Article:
(This post is an adaptation of my notes for the Facebook Live that I did this week: “A Busy Woman’s Guide to Margin”. Come find me there and listen!)

 

We are the spiritual, emotional and physical wells that our families draw from.

 

Whether our children are young, in the middle, teens or even adults, we are caregiving. In the middle years, we may be taking care of a variety of people, including aging parents, friends with illnesses, along with our own families.

 

Taking care of ourselves must be a priority.  When someone says “add self-care”, there is often no room in our over-scheduled lives. This is a problem. Margin is the foundation of self-care. We practice self-care so that we can live well and love well. We must have space in our lives to rest and recharge, sleep and renew. So until you make margin in your days, you will not be able to take care of yourself and therefore your people well.

 
What is margin?

 

Margin is whitespace. It is breathing room in your life. 

“Margin is the space between our load and our limits. It is the amount allowed beyond that which is needed. It is something held in reserve for contingencies or unanticipated situations. Margin is the gap between rest and exhaustion, the space between breathing freely and suffocating.”  ~ Dr. Richard Swenson

 

 

Why do we need margin?

 

Without margin, our physical, emotional and spiritual health suffers. If we run hard and fast with chronic stress over time, we will suffer from burnout. If you are wondering whether or not you have burnout, google “symptoms of burnout” and there are many great articles to help you recognize that your exhaustion, illnesses, anxiety and anger may be due to that.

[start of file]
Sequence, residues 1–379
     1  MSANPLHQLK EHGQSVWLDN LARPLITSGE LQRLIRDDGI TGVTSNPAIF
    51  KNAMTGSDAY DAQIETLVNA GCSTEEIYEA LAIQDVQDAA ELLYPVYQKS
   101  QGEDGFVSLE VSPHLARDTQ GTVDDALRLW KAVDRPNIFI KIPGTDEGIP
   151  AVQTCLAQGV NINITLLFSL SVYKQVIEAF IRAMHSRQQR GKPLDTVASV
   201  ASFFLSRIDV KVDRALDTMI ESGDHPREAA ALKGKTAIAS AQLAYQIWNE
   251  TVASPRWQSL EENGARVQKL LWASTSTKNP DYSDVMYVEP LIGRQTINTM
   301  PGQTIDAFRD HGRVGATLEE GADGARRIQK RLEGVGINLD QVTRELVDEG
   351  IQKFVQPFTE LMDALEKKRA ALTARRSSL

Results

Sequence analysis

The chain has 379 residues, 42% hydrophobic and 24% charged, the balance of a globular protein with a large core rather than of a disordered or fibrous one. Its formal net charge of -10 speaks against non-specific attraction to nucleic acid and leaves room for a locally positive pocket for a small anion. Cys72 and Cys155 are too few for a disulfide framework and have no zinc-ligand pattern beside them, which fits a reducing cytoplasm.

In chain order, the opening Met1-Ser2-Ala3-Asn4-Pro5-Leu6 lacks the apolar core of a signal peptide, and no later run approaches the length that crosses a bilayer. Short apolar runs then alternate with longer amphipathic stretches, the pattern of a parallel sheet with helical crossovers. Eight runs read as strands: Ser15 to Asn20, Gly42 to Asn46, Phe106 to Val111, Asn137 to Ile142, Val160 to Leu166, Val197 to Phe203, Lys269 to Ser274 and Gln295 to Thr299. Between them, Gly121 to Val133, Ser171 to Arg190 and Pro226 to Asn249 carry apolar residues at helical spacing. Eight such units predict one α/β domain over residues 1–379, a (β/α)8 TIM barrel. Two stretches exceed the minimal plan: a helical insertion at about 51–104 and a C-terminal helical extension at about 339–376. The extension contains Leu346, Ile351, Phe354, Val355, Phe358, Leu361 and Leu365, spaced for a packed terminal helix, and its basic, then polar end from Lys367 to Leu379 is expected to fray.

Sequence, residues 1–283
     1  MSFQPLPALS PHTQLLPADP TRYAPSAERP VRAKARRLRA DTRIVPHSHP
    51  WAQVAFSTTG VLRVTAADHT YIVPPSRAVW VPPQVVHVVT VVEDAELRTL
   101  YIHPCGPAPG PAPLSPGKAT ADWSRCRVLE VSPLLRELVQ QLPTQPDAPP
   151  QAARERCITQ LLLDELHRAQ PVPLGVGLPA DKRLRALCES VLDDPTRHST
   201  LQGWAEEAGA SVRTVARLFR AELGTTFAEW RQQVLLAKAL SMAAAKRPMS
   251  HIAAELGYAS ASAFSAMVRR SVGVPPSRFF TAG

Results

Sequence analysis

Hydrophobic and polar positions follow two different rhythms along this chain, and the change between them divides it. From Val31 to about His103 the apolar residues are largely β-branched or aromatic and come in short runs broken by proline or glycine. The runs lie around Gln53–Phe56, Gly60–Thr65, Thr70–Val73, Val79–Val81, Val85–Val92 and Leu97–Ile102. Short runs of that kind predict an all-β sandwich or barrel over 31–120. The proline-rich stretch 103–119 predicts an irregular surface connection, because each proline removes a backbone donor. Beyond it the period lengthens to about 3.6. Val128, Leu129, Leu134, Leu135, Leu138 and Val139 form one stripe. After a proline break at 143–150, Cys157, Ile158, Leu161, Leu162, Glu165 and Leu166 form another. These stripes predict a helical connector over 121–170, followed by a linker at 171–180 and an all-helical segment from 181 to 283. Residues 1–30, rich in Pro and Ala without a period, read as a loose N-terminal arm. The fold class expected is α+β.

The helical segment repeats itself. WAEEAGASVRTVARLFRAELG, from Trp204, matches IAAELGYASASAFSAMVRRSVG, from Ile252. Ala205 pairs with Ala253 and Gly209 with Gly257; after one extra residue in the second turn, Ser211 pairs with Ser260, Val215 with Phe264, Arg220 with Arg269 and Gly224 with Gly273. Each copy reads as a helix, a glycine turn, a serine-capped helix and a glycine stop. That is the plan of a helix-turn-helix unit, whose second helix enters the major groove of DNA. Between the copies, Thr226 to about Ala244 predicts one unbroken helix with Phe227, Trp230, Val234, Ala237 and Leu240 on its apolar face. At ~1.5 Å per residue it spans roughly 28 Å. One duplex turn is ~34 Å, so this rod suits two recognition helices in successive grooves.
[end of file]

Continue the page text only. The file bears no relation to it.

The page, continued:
Margin is a wise management of our energy.  Loving God and others is the foundation of what God commands of us. We cannot love well if our lives are empty, depleted, stressed and shallow. We often confuse a full schedule with a full life.

Creating margin is an acknowledgment that we are but dust. We have real God-given limits according to our personality types, life circumstances, physiological and emotional make-ups and by the very fact that we are HUMAN.

 
Who is our model?

 

Christ. The infinite God with all power and all provision chose to become a baby. A baby is the essence of limits. He chose a life that required rest, retreat, food, friendship.

In Mark 6:31 Jesus offers this invitation: “Come away by yourselves to a desolate place and a rest a while”. He recognized the physical and emotional limits of himself and his disciples. He retreated regularly from the crowds to pray, to quiet himself, to listen to the Father. He was never in a hurry or rushed. He was available to touch people, to invite interruption, and to do the next right thing each day without being over-scheduled, scattered, and driven.